This week’s prompt from the good women of The Broke and The Bookish is one I think every reader can relate to: Top Ten “Gateway” Books/Authors In My Reading Journey. I’m in my 50s, and the decades are littered with books and narrowing it down to ten is tough. So, here is one version of the top ten, a nostalgia filled list of books, in roughly the order I read them, and why they stay with me. I think I posted a very similar list to Facebook late last year, but I know I’m including some different choices this go around.
I don’t know if this is the first book I read on my own, or if I memorized it because I made my parents read it to me so often. Either way, I loved this so much that it was one of the first books I read to my daughter when she was little. My husband bought me and the girls a print from the book for Valentine’s Day a few years back and it hangs in our kitchen and I hope it always will.
Pressed into my hands by an elementary school librarian in the late 1960s, I read this in a single sitting and many times since. I loved it because Claudia was as averse to discomfort as I was, and still am. I loved it because it made a big imposing museum into a magical treasure box of possibilities. I loved it because it gave art a mystery that Claudia was stubborn enough and smart enough to solve. Thinking about it now, I wonder if my love for this book was behind my decision to major in the History of Art in college?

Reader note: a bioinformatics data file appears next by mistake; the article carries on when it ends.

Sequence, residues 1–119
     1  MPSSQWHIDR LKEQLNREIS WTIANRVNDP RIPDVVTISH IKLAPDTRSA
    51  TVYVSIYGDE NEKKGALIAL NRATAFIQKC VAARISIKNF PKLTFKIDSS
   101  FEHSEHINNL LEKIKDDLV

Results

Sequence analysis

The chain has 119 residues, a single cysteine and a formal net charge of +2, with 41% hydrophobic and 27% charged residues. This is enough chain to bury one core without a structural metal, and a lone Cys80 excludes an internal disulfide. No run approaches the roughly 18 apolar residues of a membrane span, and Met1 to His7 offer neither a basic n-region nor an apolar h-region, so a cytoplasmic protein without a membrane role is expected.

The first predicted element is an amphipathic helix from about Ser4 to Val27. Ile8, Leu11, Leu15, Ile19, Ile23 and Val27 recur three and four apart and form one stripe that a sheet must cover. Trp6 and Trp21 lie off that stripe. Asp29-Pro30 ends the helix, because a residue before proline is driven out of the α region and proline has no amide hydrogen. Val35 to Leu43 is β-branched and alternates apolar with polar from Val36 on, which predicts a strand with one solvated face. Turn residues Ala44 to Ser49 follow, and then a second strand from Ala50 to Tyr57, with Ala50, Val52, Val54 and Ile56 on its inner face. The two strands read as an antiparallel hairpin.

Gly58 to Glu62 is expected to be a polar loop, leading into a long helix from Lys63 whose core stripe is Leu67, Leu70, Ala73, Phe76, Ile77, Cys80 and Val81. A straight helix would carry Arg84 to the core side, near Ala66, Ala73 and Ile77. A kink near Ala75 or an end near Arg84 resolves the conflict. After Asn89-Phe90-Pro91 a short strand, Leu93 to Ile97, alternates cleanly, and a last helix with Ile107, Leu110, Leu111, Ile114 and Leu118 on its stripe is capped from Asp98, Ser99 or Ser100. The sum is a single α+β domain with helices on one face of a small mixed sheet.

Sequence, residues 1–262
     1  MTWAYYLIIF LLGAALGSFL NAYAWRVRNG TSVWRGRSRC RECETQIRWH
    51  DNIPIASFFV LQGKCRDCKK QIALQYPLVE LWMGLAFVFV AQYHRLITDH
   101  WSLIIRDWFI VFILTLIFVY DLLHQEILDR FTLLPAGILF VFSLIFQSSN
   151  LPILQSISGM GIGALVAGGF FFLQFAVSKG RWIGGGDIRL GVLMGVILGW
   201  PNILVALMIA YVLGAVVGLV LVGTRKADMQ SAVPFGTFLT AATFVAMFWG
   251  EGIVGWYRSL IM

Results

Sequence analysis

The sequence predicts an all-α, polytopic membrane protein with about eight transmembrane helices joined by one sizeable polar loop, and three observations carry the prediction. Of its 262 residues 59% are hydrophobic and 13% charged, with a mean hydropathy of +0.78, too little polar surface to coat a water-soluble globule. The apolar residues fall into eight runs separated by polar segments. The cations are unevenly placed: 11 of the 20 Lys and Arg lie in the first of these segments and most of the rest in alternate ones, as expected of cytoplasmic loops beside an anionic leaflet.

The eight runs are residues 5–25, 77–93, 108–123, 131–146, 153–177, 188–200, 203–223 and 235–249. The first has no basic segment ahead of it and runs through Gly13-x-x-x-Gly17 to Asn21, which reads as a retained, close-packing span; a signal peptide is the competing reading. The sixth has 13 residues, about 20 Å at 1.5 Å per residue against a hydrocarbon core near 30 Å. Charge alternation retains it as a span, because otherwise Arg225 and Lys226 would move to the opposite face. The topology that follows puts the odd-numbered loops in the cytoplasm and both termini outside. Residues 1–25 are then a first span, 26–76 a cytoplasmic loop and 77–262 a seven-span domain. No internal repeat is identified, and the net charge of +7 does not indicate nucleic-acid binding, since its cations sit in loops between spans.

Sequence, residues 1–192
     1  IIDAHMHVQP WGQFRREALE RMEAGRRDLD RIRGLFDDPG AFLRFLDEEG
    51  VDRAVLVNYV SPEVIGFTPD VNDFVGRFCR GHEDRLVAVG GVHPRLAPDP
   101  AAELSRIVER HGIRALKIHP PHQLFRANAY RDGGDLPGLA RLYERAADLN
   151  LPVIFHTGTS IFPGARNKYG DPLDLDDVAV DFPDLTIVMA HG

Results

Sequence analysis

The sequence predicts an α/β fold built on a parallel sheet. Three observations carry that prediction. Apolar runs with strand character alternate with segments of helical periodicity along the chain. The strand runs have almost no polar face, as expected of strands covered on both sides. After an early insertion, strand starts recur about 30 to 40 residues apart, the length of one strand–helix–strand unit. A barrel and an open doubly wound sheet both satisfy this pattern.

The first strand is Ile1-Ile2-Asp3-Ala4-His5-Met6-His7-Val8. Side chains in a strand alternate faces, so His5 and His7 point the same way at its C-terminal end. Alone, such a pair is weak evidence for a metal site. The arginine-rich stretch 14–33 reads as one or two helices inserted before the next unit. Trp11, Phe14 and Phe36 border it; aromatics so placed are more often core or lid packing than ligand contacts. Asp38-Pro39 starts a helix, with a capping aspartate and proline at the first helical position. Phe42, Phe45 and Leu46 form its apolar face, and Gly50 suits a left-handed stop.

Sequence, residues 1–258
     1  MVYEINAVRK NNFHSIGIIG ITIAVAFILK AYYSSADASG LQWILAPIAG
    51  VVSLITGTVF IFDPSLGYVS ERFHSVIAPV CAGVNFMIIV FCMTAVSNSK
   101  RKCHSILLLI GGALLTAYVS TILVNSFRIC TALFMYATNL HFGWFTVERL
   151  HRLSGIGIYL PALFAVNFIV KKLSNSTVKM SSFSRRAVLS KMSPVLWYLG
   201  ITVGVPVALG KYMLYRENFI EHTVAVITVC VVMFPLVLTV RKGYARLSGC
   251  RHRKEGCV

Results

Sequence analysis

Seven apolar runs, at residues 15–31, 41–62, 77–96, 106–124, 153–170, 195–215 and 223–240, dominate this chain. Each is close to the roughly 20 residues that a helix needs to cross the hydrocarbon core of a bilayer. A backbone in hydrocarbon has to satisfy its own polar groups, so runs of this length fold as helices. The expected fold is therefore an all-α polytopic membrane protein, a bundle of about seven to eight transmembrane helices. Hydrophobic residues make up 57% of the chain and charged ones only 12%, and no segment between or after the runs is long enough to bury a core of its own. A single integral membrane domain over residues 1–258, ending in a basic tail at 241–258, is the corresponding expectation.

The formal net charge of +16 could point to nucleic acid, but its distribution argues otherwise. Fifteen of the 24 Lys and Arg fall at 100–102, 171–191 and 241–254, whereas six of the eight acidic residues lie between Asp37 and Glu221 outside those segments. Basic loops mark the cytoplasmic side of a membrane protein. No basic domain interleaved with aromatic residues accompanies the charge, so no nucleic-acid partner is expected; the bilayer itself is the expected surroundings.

I read all of Zenna Henderson after seeing a truly terrible adaptation of some of The People stories in a made for TV movie starring Kim Darby. I loved them then because I yearned to be an alien with unearthly powers, a longing any social inept alienated girl would share, I’m sure. Now I want to reread them because they are incredible portraits of the American Southwest and rich with insight about what brings communities together and how they can tear themselves apart. And, as I probably sensed at some level when I was ten, these stories are always looking at what does it mean to belong or not? Can you be different and still be accepted? The original books are out of print, but the two original volumes plus other uncollected stories are available in Ingathering: The Complete People Stories of Zenna Henderson.
I Read this the summer I turned thirteen while traveling with my family through the southwest. Who knew a ‘classic’ could be funny?
A tragic tale I devoured one saturday evening my junior year of college. Full of all the female suffering and misery so dear to my teenage heart, I was also genuinely surprised by the ending. I remember trying to convey to my father over the phone why I was so moved. The final plot twist had stunned me but was even more staggered when neared the climax of my synopsis, my father, accurately, beat me to the punch and without having read the book, told me how it ended. Lessons learned? There are only so many plots that are really new (there are some, but fewer than I thought at the time). And, if you want to convince someone that a book is good, there may be more to it than summarizing the story.